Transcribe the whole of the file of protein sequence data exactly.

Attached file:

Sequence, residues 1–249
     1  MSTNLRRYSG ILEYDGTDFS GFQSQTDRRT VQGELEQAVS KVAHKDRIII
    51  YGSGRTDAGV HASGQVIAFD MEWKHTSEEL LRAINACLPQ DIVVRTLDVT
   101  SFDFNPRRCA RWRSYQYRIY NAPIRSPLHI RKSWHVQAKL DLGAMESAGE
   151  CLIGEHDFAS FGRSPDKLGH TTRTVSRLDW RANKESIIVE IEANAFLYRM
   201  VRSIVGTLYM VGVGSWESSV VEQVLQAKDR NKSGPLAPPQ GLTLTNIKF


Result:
Sequence, residues 1–249
     1  MSTNLRRYSG ILEYDGTDFS GFQSQTDRRT VQGELEQAVS KVAHKDRIII
    51  YGSGRTDAGV HASGQVIAFD MEWKHTSEEL LRAINACLPQ DIVVRTLDVT
   101  SFDFNPRRCA RWRSYQYRIY NAPIRSPLHI RKSWHVQAKL DLGAMESAGE
   151  CLIGEHDFAS FGRSPDKLGH TTRTVSRLDW RANKESIIVE IEANAFLYRM
   201  VRSIVGTLYM VGVGSWESSV VEQVLQAKDR NKSGPLAPPQ GLTLTNIKF